Finally, with help from a Catholic mission, Diana and her family were taken to safety in Nairobi. Once there, she learned that her father was dead; she's not sure how or why. Her mother was in a Rwandan prison; she went in HIV negative, came out HIV positive. Rape of female prisoners is common. Her mother is now dead.
Diana found out about the Amani ya Juu center through her Nairobi church.
Though the center helps Diana generate income, she still struggles. Her husband has not found much work in Nairobi, and Diana uses the funds she earns from her stuffed animals to try to pay her children's monthly school fees. She bought a sewing machine for her house so she could take on extra work.
In the center, Diana is a smiling and laughing presence. She works alongside Tutsi women.
"Yes, the Tutsis are here," says Diana, "but the spiritual atmosphere that is here does not bring out the hatred that I felt."
In a business-bob haircut and a pinstriped suit, Zed, 38, looks like the resident office manager at Amani ya Juu. She manages distribution and works on the hand-sewn embroidered goods such as quilts and pincushions. She is articulate and professional and has learned to speak excellent English through the English as a Second Language classes held at Amani.
She has never married and in 1998 was forced to flee Eritrea, a tiny country just north of Ethiopia on the Horn of Africa, during the war between the two countries. She left with her younger brother, whom she cared for until he was resettled to Canada. Now, she is alone in Nairobi, but Amani has helped her see a future for herself.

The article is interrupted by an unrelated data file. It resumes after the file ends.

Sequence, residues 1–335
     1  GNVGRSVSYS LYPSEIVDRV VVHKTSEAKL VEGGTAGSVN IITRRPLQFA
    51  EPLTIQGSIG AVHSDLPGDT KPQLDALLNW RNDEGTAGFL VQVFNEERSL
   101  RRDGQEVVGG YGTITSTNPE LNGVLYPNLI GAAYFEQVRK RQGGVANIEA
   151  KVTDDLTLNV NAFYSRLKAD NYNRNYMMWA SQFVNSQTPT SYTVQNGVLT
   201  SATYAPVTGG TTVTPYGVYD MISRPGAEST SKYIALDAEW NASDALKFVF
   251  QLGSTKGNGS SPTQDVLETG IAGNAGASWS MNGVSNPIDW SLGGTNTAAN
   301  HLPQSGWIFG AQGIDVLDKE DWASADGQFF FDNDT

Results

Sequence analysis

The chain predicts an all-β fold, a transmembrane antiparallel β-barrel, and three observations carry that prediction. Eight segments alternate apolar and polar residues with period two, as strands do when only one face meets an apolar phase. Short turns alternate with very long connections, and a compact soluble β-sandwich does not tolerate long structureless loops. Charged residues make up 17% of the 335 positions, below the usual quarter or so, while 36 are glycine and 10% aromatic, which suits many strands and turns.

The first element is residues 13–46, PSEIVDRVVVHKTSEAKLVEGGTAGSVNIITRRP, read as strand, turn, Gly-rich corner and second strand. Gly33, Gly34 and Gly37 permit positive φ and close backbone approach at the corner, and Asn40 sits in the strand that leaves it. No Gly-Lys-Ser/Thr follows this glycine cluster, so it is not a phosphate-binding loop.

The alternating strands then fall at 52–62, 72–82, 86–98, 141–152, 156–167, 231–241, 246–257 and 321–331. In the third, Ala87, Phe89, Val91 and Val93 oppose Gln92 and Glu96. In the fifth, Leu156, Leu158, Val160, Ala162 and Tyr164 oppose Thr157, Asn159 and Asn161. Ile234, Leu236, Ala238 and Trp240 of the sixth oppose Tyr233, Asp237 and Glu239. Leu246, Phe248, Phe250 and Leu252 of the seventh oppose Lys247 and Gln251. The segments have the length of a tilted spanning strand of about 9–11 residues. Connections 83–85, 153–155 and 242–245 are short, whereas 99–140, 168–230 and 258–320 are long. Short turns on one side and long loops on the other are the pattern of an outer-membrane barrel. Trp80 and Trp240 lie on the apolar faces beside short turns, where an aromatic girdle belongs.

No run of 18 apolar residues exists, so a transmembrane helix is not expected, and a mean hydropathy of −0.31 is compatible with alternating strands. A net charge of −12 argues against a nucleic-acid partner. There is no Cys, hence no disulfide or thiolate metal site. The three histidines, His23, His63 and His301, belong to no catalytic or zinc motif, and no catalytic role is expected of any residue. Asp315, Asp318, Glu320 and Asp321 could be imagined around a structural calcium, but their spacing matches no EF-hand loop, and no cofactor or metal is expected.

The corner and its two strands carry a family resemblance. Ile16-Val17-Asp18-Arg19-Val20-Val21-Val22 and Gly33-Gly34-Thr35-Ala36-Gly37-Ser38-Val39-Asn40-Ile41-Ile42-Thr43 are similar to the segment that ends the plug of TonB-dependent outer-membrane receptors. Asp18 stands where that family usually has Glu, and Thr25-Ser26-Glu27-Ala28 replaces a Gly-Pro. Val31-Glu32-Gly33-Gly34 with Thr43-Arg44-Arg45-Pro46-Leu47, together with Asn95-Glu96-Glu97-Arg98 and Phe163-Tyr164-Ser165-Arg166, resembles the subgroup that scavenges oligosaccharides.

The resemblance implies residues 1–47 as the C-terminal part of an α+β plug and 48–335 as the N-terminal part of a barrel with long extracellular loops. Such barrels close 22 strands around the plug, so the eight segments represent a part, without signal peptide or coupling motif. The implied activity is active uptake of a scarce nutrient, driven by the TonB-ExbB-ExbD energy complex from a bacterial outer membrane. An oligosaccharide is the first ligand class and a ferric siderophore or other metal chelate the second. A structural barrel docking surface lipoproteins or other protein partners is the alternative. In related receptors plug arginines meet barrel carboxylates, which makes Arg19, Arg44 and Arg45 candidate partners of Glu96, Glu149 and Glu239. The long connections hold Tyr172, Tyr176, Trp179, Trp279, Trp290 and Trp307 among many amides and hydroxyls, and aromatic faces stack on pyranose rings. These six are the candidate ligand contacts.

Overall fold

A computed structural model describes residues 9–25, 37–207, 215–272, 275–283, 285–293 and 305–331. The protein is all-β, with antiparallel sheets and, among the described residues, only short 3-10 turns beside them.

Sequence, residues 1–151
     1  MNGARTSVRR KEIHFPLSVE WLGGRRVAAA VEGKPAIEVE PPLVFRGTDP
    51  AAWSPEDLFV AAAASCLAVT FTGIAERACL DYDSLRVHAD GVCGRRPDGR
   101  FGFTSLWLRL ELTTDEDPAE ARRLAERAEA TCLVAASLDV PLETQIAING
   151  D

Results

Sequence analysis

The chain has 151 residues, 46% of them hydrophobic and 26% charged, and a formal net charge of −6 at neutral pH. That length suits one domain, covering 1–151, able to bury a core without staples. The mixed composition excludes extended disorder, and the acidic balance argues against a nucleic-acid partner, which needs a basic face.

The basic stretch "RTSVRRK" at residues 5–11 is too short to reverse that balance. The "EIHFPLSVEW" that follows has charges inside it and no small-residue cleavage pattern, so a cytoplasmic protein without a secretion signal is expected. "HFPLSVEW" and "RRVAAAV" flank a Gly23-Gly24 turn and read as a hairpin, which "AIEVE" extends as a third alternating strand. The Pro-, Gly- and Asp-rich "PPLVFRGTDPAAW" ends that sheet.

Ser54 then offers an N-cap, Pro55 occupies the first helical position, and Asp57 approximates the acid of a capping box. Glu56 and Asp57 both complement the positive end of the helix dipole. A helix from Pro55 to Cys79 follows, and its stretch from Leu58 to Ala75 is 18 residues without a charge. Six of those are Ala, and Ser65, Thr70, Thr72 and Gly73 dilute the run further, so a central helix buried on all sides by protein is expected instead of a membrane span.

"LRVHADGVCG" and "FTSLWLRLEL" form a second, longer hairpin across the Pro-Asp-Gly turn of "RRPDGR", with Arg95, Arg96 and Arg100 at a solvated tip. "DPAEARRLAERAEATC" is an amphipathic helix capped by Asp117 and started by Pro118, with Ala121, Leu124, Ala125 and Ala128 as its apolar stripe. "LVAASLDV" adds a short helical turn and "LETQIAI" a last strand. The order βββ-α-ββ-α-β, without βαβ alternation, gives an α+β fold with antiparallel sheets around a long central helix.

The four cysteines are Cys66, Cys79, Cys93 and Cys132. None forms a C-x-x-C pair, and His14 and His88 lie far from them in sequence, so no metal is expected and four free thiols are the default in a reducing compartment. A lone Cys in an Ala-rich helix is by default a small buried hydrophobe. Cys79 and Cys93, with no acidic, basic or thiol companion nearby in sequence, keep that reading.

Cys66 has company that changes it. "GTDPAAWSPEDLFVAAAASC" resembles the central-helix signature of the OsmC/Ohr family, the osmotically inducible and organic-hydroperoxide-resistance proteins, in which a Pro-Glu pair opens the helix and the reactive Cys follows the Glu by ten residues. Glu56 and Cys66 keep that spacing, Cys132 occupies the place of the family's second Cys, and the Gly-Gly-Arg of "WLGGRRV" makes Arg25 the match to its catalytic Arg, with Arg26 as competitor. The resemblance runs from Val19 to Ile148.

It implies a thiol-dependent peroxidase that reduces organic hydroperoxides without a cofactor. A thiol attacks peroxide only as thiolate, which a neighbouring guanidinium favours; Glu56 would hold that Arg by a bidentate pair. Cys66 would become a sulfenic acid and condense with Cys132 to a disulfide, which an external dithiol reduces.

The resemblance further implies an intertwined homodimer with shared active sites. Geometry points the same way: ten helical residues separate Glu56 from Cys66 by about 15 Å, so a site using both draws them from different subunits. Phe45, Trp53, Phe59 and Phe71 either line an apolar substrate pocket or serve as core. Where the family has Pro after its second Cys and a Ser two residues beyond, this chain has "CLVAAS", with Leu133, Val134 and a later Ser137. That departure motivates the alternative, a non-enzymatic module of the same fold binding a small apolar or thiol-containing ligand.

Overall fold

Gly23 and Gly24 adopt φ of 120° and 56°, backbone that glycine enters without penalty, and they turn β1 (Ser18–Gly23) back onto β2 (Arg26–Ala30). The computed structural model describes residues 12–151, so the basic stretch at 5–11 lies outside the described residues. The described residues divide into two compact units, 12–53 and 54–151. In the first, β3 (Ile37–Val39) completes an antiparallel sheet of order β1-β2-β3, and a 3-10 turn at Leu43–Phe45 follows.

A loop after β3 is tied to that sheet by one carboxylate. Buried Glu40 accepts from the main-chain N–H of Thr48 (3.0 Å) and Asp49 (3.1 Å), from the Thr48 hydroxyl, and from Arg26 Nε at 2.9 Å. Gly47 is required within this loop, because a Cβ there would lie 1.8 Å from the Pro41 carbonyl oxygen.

"I start to plan," Zed said. "How to manage my money. My life. And just to help myself because no one was taking care of me."
For Zed, who has a college degree in animal sciences and would like to use it, the ability to plan a vision for life was taken away when she was a refugee.
"You can not think of development or improvement," Zed says, "You say, 'Tomorrow I will be somewhere. Tomorrow I will be somewhere, tomorrow I will be somewhere.' And then 13 years has gone by."
Her goals -- and she has many -- are dependent on finding stability in her life, something she doesn't feel she has achieved.
"If I was settled in my life," says Zed, "I would like to serve in my community. I want to have my own life, own projects, my own ministry to others and teach what I learn at Amani."
But right now, Amani is all she has.
"My family is Amani and Amani is my family and my home," says Zed.